Sandbridge Sew Along Day 1: Fitting
Sandbridge Sew Along Day 2: Zip Fly
Sandbridge Sew Along Day 3: Pockets
Hello Sandbridge sewists! Welcome to the sew along! I hope this week of sewing this skirt step by step will help answer any questions you may have or give you an extra visual if you need one. If you have further questions, just leave a comment or join the Hey June Facebook group, where we have nearly 10k helpful HJ pattern sewists who can answer questions too. We’d also love to see your finished garments over there!
Before we even start sewing the pattern, let’s talk about picking the best size and making any necessary alterations.
The Sandbridge is a casual skirt with jeans styling and is meant to sit lower on the waist than a traditional woman’s skirt. This diagram shows the garment sitting on the low waist. Depending on physiology, that’ll be about 1-2″ below the belly button (apple-shaped plus sizes may find that it fits over the belly button, especially for petites.) The length is drafted for women of average height – 5’5″ – 5’6″. View A is meant to hit mid-thigh and view B should hit just above the knee.
Where to Measure:
The Sandbridge is drafted for a 9-10″ difference between natural waist and full hip measurements, which is average for women. You can also see this difference in the body measurements on page 2 of the pattern. Because the skirt sits well below the natural waist, the full hip is the most important measurement to consider when choosing a size. This should be measured around the fullest part of the lower body, usually right around the butt. For reference, you may also want to measure your low waist and compare it to the finished garment measurements. The finished low waist measurement requires no ease or even a small amount of negative ease, so if your low waist measurement matches it or is slightly greater, that’s perfect.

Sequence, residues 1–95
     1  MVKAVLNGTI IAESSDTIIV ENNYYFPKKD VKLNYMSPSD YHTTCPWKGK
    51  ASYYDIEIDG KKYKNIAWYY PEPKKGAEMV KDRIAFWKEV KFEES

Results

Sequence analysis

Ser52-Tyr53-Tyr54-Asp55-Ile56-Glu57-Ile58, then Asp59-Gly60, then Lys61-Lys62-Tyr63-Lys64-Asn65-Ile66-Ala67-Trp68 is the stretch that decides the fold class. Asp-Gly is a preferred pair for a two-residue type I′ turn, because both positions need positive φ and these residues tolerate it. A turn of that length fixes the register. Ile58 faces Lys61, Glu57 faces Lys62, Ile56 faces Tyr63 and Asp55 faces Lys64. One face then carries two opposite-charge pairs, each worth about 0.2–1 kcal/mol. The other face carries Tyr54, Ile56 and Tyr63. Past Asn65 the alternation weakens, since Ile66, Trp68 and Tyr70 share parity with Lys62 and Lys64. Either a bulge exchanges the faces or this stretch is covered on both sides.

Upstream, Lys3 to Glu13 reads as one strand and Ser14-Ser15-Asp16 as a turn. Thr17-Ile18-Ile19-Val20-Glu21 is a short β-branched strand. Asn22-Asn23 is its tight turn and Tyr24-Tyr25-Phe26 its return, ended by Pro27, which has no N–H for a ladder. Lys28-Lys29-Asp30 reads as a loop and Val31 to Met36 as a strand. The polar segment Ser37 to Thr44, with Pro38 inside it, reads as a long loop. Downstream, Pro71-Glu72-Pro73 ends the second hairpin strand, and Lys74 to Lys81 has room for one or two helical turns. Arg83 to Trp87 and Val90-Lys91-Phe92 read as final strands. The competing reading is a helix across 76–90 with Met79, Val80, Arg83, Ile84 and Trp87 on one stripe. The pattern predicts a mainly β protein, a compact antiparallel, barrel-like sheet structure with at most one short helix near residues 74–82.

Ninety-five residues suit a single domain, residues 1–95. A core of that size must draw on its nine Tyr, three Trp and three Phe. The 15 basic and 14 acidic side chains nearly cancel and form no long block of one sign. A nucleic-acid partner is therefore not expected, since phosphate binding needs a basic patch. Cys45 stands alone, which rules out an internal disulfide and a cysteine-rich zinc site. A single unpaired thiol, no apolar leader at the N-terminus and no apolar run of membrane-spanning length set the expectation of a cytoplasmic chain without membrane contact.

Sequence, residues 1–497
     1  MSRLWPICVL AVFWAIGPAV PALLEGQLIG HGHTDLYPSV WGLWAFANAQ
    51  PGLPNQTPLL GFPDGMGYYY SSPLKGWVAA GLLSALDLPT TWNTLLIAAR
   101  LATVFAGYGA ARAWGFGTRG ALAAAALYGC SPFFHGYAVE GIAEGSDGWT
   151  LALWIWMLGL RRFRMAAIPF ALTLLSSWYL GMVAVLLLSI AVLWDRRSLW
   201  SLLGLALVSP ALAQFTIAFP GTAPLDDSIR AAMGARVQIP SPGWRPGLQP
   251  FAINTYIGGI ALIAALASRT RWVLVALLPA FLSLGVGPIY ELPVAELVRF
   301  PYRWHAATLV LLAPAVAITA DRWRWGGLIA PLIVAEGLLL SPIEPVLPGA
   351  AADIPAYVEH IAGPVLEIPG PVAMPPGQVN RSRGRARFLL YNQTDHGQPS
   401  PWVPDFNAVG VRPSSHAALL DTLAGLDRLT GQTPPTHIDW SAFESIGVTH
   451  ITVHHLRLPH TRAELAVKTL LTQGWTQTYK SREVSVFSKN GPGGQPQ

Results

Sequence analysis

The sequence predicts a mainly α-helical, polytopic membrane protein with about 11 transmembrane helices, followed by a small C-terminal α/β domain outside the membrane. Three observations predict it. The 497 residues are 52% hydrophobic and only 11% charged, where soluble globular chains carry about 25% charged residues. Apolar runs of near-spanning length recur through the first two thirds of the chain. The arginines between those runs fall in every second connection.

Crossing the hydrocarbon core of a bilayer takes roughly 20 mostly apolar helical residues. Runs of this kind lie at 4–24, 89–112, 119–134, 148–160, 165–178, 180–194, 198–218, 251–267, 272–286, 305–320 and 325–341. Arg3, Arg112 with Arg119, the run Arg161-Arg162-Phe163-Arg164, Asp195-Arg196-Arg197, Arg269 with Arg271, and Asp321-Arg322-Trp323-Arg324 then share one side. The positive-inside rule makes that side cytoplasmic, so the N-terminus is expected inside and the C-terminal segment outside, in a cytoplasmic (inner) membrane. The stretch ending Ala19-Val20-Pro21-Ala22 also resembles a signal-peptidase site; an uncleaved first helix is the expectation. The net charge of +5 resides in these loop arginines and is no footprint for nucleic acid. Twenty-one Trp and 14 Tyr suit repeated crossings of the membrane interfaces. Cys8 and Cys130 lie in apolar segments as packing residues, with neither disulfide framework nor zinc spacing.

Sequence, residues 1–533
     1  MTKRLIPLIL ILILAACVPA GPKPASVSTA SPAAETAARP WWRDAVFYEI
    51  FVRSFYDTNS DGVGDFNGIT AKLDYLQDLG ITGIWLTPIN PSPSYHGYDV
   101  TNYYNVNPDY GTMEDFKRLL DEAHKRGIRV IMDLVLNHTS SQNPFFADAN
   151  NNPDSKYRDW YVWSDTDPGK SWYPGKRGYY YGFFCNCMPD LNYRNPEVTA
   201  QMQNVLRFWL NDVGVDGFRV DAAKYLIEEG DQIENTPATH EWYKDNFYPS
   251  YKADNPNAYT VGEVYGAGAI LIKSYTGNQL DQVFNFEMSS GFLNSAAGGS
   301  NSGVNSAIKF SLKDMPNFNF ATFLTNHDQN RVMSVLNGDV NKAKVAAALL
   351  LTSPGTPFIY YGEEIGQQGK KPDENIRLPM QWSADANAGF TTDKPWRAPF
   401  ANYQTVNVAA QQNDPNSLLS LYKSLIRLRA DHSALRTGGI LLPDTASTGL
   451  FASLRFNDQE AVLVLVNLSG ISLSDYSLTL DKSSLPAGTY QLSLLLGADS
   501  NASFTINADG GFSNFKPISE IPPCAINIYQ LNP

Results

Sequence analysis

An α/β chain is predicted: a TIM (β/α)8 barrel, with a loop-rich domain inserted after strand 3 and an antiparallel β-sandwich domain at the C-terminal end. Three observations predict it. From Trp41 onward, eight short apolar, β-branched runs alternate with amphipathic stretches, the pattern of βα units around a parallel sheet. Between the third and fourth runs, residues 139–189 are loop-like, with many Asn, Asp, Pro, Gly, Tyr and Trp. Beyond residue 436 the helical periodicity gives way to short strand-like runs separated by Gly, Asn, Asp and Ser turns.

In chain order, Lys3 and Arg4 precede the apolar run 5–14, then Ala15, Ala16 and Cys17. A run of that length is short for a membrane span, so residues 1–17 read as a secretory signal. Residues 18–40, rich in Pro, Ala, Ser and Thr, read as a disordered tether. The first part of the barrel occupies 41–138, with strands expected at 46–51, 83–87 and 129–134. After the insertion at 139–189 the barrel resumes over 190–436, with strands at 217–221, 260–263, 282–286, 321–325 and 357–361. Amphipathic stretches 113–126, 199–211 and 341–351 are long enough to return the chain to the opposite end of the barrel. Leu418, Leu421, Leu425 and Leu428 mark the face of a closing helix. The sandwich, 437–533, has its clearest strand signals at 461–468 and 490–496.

If you are between sizes on the full hip, consider how you want your final skirt to fit and what type of fabric you’ll be using. Sizing down with a stretch denim will produce a fitted skirt, whereas sizing up will give a more casual fit that might have a bit more ease in the waistband.